Building Strong and Confident Teams: A 3-Pronged Approach

Building Strong and Confident Teams: A 3-Pronged Approach

Jeff Gipson | July 2, 2020

We are in a hopeful time, personally and financially. Things were uncertain because most of us had never experienced anything like the last few months, but we got through what I think most of us believe to be the worst of it. Now, we are making up for lost time, working harder, breaking ground on economic avenues we may not have considered, and taking agile and innovative approaches in order to find better solutions to the same consistent obstacles in insurance. To do so, confident teams will be invaluable, if not absolutely necessary.

We have a good footing, but we want it to stay that way. We have shored up our foundations. You have maintained and enhanced your teams to manage the unexpected—to be more resilient, more prepared. We now have to consider ways of maintaining that confidence and, as a result, the confidence your consumers have in you. When your organization, firm or agency moves with purpose, it will in turn inspire all your business connections too.

Confident communicators

In a world that was just tilted, if not turned upside down, most folks have their attention divided by a host of different things and are doing everything they can, not only to keep the lights on, but to keep them burning bright and long into the night. As effective as we are at communicating, delegating and ensuring the quality of work, it never hurts—and I would always recommend—you take the time to check back with your teams just to make sure everyone picked up the finer points, or if they have a concern stemming from an angle you never considered. 

Maintaining those open lines of communication is absolutely essential to growth and to making sure your employees not only have time to grow gradually but to excel in what can be an unfamiliar set of circumstances.

Working on working together

Collaboration isn’t always easy. However, “if you want something done right, you have to do it yourself,” doesn’t really work that well in the insurance industry or almost any other industry for that matter. The level of difficulty and complexity some of insurance’s greatest obstacles represent requires a team of experts, all tackling singular parts and coming up with layered, but efficient, solutions. Maintaining a positive dynamic can be equally tricky, but people working remotely or face-to-face must have a rapport, a common ground on which they can exchange information in a timely and productive way, to build deeply rooted and confident teams.

Building those relationships—establishing that trust—can be done through a variety of strategies. Providing time for one-on-one interactions that don’t involve the pressures and stress of work can be a start to building deeper dynamic relationships.

Leading your teams forward

Communication and collaboration lend directly to leading your teams and your business through accurate feedback. Most individuals are not very comfortable getting compliments and being told you need to improve isn’t usually easy, even if it’s true. Many leaders find it difficult to offer both constructive criticism and praise for a job well done, just because the action might make them uncomfortable. However, both are essential to effectively coaching your teams towards improvement in their skill sets.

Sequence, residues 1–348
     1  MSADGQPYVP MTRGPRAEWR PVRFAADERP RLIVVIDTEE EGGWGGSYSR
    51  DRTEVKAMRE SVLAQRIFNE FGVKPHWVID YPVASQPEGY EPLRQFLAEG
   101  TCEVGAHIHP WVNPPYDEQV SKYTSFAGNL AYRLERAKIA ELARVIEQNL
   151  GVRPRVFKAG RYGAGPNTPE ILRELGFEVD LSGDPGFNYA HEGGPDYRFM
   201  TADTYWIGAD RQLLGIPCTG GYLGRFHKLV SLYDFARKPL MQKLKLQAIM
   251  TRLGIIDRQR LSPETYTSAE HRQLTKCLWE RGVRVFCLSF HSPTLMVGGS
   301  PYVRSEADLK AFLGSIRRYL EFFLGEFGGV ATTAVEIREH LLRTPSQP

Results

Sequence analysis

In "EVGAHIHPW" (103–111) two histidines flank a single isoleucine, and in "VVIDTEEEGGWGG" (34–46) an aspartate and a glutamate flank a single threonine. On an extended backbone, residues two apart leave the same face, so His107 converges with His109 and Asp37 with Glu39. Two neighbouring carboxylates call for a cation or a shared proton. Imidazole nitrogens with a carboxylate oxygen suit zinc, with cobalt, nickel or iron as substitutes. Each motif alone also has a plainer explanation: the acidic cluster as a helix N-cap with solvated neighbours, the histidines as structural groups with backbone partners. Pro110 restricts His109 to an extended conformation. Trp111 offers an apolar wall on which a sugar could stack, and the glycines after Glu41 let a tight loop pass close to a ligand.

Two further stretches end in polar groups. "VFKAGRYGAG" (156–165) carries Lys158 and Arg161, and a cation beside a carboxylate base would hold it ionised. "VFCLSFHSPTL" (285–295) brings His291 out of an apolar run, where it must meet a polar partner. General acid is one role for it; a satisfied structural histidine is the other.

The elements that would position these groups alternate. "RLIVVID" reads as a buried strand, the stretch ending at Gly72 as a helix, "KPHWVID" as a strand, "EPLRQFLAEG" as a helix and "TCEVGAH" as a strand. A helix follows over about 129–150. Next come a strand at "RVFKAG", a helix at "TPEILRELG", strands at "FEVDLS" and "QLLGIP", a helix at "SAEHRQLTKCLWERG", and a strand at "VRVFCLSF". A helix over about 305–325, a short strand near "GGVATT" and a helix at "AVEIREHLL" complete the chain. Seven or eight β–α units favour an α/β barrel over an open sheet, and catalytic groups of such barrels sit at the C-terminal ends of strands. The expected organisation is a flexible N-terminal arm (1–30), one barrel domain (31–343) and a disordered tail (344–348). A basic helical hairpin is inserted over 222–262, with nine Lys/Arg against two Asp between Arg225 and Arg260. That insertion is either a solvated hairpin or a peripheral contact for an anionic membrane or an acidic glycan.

Reinforcing talents and taking new approaches to areas where a team or team member is lacking are the only real ways to build real, workable confident teams and to give your business the operating strength it needs during a critical time of growth.

The James Allen Companies will continue to provide the insurance industry leadership and specialized talent you need to reinforce already successful, stable and growing organizations.

About the Author

Jeff Gipson
Jeff Gipson Sr. is a veteran of the staffing industry, with more than 30 years of experience. He got his start working for an international staffing organization where he focused on information technology placements across the country. In July 1992, Jeff continued his staffing career with a St. Louis based information technology staffing company. There, he was strategically involved in launching the organization’s first branch office — and subsequently three additional branch offices over the next several years. In July 2000 Jeff made another move — this time to launch his own staffing company, continuing his IT focus. In 2003 the organization was reinvented. Relying on his earlier sales career in the insurance industry, the company changed course and began building the firm around the insurance industry. The company continues to put all their energy in the insurance sector filling positions of all titles across the country. Jeff and his wife Carolyn have been married since 1980. They have three children and seven grandchildren.
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